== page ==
The use of sustainable practices increases as farm size decreases
Organic farms vary in agricultural ecological practices, with small farms incorporating a higher quantity of sustainable methods than larger ones, according to a recent US study.
Organic certification for U.S. farms requires abstinence from using harsh pesticides, synthetic fertilizers, and other banned substances. To enhance their crops and deter pests, organic farmers rely instead on practices that boost natural ecosystem functions, like pollination and pest control, but the organic standards are flexible and allow farmers to choose the practices that best suit their operations. Common practices include incorporating non-crop vegetation in and around fields, the application of compost, reducing tillage, and implementing diverse crop rotations. Although these practices are beneficial to the sustainability of all farms, their economic utility varies with farm size.
Large farms occupy the majority of U.S. farmland and their dominance continues to grow. In considering agricultural sustainability for the foreseeable future, it is important to understand how the most sizable farms bolster and utilize ecosystem services. This study seeks to examine the differences in agroecological practices between small, medium, and large U.S. farms. For this study, researchers designated small farms as those under 40 acres, medium farms as 40-404 acres, and large farms as 405 acres or more.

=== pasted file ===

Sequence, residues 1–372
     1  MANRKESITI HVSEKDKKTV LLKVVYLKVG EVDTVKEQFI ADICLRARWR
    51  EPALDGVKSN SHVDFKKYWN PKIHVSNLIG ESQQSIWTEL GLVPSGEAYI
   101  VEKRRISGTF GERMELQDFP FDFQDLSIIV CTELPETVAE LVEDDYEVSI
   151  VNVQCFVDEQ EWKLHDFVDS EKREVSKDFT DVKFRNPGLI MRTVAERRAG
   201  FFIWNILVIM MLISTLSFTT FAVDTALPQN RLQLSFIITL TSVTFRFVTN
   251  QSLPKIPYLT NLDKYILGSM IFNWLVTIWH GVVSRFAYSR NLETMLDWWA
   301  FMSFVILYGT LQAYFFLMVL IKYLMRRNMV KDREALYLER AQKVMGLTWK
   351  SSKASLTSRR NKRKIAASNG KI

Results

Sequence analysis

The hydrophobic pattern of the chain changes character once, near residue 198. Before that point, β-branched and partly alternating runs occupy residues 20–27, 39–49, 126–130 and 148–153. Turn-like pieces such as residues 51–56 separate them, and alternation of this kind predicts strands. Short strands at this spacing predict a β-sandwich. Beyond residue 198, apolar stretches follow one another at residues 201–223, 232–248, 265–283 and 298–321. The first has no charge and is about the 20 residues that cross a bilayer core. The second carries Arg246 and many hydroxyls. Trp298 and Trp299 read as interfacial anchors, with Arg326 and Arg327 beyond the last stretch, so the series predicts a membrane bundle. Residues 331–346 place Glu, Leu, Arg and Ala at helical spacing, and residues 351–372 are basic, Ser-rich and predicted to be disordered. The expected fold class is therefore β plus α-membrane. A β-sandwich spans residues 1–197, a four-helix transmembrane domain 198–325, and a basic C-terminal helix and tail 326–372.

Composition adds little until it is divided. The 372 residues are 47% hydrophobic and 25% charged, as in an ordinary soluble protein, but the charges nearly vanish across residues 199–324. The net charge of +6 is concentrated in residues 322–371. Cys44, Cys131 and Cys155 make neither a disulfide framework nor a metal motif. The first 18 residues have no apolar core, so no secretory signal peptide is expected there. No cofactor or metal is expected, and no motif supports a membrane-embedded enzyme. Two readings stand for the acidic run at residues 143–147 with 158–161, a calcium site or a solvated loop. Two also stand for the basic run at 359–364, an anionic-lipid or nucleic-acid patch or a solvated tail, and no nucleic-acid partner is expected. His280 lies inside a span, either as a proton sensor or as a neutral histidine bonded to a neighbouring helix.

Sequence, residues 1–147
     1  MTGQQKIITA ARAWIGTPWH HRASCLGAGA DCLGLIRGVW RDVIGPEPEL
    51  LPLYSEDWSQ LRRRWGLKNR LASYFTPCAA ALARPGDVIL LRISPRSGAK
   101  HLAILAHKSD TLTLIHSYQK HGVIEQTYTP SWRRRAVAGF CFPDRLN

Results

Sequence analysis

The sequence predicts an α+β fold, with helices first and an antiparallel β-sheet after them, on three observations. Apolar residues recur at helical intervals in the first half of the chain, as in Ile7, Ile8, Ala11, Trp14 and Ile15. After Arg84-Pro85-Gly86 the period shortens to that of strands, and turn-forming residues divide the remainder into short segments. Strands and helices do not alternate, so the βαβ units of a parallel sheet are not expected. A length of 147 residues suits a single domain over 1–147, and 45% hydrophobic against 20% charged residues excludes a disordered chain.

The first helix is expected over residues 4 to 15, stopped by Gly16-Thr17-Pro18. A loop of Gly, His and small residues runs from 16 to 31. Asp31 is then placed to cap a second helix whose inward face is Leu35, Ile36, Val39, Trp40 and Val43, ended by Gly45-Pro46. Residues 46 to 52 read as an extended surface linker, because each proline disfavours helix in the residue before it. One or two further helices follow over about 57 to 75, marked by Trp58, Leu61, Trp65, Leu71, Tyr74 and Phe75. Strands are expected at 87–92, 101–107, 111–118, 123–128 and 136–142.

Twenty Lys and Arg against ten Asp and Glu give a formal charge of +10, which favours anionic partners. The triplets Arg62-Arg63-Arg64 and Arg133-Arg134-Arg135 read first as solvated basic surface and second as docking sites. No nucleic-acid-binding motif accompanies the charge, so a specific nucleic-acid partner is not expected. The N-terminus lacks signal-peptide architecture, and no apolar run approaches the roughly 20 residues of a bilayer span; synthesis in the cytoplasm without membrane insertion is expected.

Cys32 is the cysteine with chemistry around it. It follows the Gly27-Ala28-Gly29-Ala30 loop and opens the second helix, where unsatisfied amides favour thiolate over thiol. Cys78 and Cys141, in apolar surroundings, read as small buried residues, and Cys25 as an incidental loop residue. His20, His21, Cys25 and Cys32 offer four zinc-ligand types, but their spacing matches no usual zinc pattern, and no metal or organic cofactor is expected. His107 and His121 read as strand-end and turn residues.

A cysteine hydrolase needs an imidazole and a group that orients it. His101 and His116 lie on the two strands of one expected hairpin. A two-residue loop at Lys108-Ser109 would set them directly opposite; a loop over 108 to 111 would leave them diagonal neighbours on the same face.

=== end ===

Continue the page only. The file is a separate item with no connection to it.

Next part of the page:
The data in this study was gathered from 594 survey respondents of organic farmers across 43 states. The researchers examined the application of eight agroecological practices:
- manure/compost application
- intercropping (planting different crops in the same field)
- insectary plantings
- reduced tillage
- diverse crop rotations
- cover cropping,
- border plantings, and
- riparian buffers.
Out of the eight examined agro-ecological practices, most small and medium sized farms utilized six or more, applying more of them on average than large farms. All eight practices were utilized on over 50% of small and medium farms, and all but two–insectary planting and border planting– were incorporated on the majority of large farms. Diverse crop rotations, cover crops, and riparian buffers were incorporated on over 75% of farms in each size category.
Despite their potential benefits to ecosystem function, insectary and border plantings provide diminished returns on larger properties. Insectary planting provides a habitat for beneficial insects which prey on pests; however, these insects have limited range associated with these habitats. Sizable fields require several insectary plants to protect the entire range. Border plantings also provide key habitats to beneficial insects, while additionally protecting against erosion and runoff, but have a similarly dampened impact on large properties. As farm size increases, the proportion of the farm that is nearby to the border decreases, so border plantings ultimately benefit a relatively small portion of the farm.
This study demonstrates where opportunities are available to further incentivize conservation practices on larger farms, and to better reward smaller farms that are already using more sustainable practices. This research also demonstrates the wide variation that exists in what an organic farm can look like. Future studies should be careful to define the practices being used, not just categorize a farm as organic or non-organic, to better understand the sustainability of organic farming.
Photo by: Tomasz Bazylinski; https://unsplash.com/@bazylu